Civil Procedure on the Multistate Essay Exam: Highly Tested Topics and Tips
Civil Procedure is by far the most highly tested topic on the MEE. Civil Procedure has been tested repeatedly since the 1990s and has been tested on 18 out of the last 25 MEEs. That means that Civil Procedure has been on 71% of the MEEs since February 2011. Further, the examiners often test the same issues in Civil Procedure MEE questions, so it is worth knowing what these highly tested Civil Procedure issues are.
Here, we give you tips for approaching Civil Procedure on the MEE and we reveal some of the highly tested issues in Civil Procedure MEE questions.
Civil Procedure on the Multistate Essay Exam
1. First, be aware of how Civil Procedure is tested
Civil Procedure used to be a guaranteed subject on the MEE. It appeared virtually every year.
Then, Civil Procedure was added as a Multistate Bar Exam (MBE) subject in February 2015. It is probable that the National Conference of Bar Examiners (NCBE) feels more comfortable not including Civil Procedure on the MEE now since it is tested on the MBE. Thus, we expect to see Civil Procedure tested less frequently on the MEE. However, you should still be very well acquainted with Civil Procedure! Not only will you see 25 scored MBE questions covering the subject, but it is still the most highly tested MEE subject, even if it is tested less frequently than it used to be.
Civil Procedure generally is tested on its own but is occasionally combined with Conflict of Laws.
2. Be aware of the highly tested Civil Procedure issues
The examiners tend to test several of the same issues in Civil Procedure questions. You can maximize your score by being aware of these highly tested issues. (We have a nice summary of these in our MEE One-Sheets if you want to see all of them and have them all in one place.)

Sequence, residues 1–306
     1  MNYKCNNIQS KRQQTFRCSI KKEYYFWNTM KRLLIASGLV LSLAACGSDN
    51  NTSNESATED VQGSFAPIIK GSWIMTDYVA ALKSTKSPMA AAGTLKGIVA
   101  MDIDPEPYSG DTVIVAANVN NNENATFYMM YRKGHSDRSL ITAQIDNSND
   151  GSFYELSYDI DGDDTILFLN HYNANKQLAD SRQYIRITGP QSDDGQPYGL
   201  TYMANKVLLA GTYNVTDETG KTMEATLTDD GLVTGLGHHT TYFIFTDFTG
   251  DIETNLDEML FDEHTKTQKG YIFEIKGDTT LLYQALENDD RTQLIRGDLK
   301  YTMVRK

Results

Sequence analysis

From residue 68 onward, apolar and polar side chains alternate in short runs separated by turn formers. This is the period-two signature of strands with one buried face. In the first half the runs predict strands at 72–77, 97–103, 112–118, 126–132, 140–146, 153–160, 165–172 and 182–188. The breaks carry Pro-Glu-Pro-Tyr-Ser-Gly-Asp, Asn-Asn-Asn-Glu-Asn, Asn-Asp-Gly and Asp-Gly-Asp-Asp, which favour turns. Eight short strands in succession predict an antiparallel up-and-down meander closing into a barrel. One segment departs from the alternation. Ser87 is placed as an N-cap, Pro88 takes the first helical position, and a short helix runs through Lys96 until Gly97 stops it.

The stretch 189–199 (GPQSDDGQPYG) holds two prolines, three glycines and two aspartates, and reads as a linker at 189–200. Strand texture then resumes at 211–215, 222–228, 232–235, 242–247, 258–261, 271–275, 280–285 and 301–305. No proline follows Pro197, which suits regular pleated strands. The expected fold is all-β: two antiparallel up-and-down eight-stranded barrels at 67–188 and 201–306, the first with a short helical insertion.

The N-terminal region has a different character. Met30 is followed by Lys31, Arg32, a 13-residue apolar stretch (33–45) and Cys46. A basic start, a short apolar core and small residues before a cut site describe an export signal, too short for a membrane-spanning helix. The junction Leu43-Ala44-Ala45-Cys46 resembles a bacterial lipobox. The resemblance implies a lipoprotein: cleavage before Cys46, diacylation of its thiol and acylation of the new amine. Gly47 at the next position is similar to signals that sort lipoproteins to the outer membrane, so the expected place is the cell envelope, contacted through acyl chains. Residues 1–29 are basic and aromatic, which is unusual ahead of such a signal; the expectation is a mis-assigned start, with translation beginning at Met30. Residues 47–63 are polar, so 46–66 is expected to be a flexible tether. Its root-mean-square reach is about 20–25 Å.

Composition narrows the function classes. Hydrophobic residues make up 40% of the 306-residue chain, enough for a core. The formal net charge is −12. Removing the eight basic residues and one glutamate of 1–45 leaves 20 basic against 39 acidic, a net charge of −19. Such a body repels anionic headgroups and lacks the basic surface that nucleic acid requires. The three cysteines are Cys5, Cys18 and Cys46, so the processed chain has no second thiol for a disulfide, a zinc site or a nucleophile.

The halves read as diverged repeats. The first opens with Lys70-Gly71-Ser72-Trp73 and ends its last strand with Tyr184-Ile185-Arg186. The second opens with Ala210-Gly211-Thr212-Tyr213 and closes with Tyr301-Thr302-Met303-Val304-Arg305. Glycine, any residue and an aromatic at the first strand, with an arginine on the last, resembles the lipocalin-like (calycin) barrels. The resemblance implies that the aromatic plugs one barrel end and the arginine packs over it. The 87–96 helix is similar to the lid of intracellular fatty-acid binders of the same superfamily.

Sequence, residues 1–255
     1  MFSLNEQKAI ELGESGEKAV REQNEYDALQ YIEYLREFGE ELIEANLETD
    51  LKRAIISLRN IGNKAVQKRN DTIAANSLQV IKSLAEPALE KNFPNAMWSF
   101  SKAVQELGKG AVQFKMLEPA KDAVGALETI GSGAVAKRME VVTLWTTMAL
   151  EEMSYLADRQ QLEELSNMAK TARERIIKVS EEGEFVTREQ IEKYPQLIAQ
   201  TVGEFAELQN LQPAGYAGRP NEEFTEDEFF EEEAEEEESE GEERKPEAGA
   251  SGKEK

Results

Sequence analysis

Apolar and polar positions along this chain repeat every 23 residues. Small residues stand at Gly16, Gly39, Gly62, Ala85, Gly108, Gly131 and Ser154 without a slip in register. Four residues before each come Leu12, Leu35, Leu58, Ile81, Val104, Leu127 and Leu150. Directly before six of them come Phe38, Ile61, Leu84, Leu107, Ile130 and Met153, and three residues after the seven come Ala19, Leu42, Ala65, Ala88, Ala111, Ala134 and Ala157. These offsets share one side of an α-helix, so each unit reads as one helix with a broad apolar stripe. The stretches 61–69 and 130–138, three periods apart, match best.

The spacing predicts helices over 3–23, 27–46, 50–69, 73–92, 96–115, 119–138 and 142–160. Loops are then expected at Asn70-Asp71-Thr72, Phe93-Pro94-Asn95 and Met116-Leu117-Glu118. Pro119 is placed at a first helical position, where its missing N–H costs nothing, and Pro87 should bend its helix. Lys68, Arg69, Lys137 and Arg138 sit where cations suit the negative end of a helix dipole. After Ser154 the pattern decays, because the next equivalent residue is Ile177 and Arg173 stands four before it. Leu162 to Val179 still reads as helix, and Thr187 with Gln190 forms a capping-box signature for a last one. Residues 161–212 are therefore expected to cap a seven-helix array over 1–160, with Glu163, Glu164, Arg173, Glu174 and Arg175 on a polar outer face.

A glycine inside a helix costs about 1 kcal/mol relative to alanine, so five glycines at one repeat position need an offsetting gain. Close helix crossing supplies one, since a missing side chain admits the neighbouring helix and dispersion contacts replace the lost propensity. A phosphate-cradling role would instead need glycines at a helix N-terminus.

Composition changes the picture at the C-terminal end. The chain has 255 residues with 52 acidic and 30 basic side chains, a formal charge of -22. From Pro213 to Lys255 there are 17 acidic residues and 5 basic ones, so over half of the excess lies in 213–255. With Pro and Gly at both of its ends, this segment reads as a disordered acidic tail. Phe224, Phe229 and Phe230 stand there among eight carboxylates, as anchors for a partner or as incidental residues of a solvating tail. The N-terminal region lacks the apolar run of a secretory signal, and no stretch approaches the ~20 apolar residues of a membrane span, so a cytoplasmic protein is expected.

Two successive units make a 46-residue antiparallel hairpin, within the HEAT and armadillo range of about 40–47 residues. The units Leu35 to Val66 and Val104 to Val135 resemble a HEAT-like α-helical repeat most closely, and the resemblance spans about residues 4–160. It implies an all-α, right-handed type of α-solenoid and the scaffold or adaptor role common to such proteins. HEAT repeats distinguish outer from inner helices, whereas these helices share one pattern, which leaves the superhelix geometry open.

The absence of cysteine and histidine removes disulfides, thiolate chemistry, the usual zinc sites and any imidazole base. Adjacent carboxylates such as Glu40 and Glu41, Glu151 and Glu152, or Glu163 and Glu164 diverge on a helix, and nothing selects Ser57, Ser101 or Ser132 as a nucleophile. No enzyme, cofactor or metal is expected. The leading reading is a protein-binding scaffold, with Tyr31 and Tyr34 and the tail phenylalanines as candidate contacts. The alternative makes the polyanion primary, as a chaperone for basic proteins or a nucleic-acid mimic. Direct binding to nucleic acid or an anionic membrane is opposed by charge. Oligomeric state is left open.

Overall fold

Some of the highly tested Civil Procedure Multistate Essay Exam issues include:
Subject matter jurisdiction (SMJ)
Subject-matter jurisdiction (SMJ) is by far the examiners’ favorite Civil Procedure MEE topic to test. The examiners especially like to test diversity jurisdiction and supplemental jurisdiction, with federal-question jurisdiction and removal being tested slightly less frequently. Subject-matter jurisdiction is the power of a court to hear a certain type of case. Most state courts have very broad subject-matter jurisdiction whereas federal courts have limited subject-matter jurisdiction.
- Federal-question jurisdiction: The type of claim must be created by federal law or created by state law but depend on a substantial federal question. The federal question must appear on the face of the plaintiff’s well-plead complaint. When federal-question jurisdiction is tested, it is often tested with personal jurisdiction.
- Diversity jurisdiction: This type of claim has two requirements: (1) there must be complete diversity of citizenship and (2) the amount in controversy must be over $75,000. Rules of domicile are tested with diversity jurisdiction. Remember to look to where a party is domiciled at the time the lawsuit is filed, as that is when domicile is determined for diversity jurisdiction purposes.
- Supplemental jurisdiction: This occurs when there is a jurisdictional basis for one claim but not for another claim. The federal court has subject-matter jurisdiction over both claims if they arise from a common nucleus of operative fact. Supplemental jurisdiction commonly occurs when (1) a plaintiff asserts a federal claim and wants to tack on a state law claim or (2) a party is added after the initial lawsuit.
Personal jurisdiction (PJ)
Personal jurisdiction (PJ) was not tested very often in the past but recently it has been tested more frequently. Here are some tips for answering PJ questions on the MEE:
- If you see a PJ issue on your essay, make sure to discuss general personal jurisdiction and then specific personal jurisdiction. Give a brief overview of both (even if specific personal jurisdiction is what is being tested, which is usually the case). Giving an overview of both will make your answer appear thorough.
- Remember to mention that personal jurisdiction stems from the Fourteenth Amendment Due Process Clause.
- Use key vocabulary if specific personal jurisdiction is tested. A good summary of specific personal jurisdiction is: “Personal jurisdiction is constitutional if the defendant engaged in such minimum contacts with the state that it would not offend traditional notions of fair play and substantial justice.” Also, remember to consider whether the defendant “purposefully availed themselves of the benefits and protections of the state.”